What AVs can learn from the automation of medicine
Trust is the currency that makes the world work. There is no number, no metric that will ever make me trust someone or something if my gut says no. So how do people learn to trust new and unfamiliar technologies meant to improve our lives?
On this episode of No Parking, Yaz Shehab, founder of robotic dentistry startup Brachium, joined Bryan Salesky and me to discuss a few possibilities of autonomous health care and what they could suggest for the future of autonomous vehicles.
“Almost every patient says, ‘Not so fast,’ Shehab said of early trials. “‘You have a drill on a robot arm, and I’m awake sitting in a chair?’ That’s not going to fly.”
But then it did, because later testing of Brachium’s teeth cleaning robot earned the trust of toughest subjects in the world: parents.
“[The parents] were there in the room,” said Shehab. “They saw for themselves. After the treatment they asked little Susie or little Johnny, ‘How was it?’ ‘Oh my gosh, this was fantastic. Can I do it again? Can I get another go round?’ Now the parent is like, ‘Wait a minute, can I do this as an adult?’”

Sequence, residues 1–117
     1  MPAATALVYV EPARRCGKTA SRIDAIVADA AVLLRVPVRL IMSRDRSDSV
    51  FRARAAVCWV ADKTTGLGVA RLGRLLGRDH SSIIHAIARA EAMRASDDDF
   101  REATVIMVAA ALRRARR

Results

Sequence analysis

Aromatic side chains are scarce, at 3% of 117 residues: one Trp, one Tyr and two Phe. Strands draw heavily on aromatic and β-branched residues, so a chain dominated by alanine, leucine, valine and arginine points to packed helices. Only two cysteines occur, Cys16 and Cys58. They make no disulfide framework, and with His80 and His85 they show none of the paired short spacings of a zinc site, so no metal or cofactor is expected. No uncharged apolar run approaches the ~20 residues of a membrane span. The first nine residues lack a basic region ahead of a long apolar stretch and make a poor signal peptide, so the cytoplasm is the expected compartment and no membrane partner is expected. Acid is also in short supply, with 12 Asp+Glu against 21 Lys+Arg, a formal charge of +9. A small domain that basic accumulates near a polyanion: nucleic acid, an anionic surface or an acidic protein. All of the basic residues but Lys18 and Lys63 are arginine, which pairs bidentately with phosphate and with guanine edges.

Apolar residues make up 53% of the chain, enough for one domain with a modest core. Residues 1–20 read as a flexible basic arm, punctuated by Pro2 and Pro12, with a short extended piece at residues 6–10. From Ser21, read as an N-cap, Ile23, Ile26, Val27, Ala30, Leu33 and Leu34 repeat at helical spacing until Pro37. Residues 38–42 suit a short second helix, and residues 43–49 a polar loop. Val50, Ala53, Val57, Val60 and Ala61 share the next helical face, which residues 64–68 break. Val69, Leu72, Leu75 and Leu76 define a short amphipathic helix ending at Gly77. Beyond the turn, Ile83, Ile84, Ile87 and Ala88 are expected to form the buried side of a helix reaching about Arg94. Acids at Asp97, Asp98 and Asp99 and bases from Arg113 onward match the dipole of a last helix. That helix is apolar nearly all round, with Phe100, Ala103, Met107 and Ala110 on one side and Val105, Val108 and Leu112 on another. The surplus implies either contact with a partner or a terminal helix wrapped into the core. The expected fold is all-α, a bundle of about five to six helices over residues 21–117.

Shehab has spent years tackling many of the same issues the autonomous vehicle industry will have to address, from safety to business model to use case.
“We are up about 17% from the standard of care that a human can do,” said Shehab. “Dentistry is our first step. We’re not surgical robots. That’s a totally different ball of wax. I’ll leave it up to science fiction for now. We’re really interested about the value proposition, how we can bring [costs] down, level the playing field and bring down the cost of access to health care.”
Despite Brachium’s performance metrics, the company still faces the subjective nature of trust itself—and the open-ended way humans often define it.
“How do you build trust with another human being that is fundamentally wired to put more trust in another human being?” Shehab asked. “How many times do you go and say, ‘Hey, do you have a good dentist? Do you have a good doctor?’ … At the end of the day, for us it’s about the human. It’s about the user experience. It’s about making it fun.”
Asked whether Brachium was trying to eliminate dentists, Shehab was clear: “We are really trying to augment what a dental hygienist does. We’re not here in replacement. We’re here to provide access and, ultimately, quality of care. I believe we are in a patient experience business.”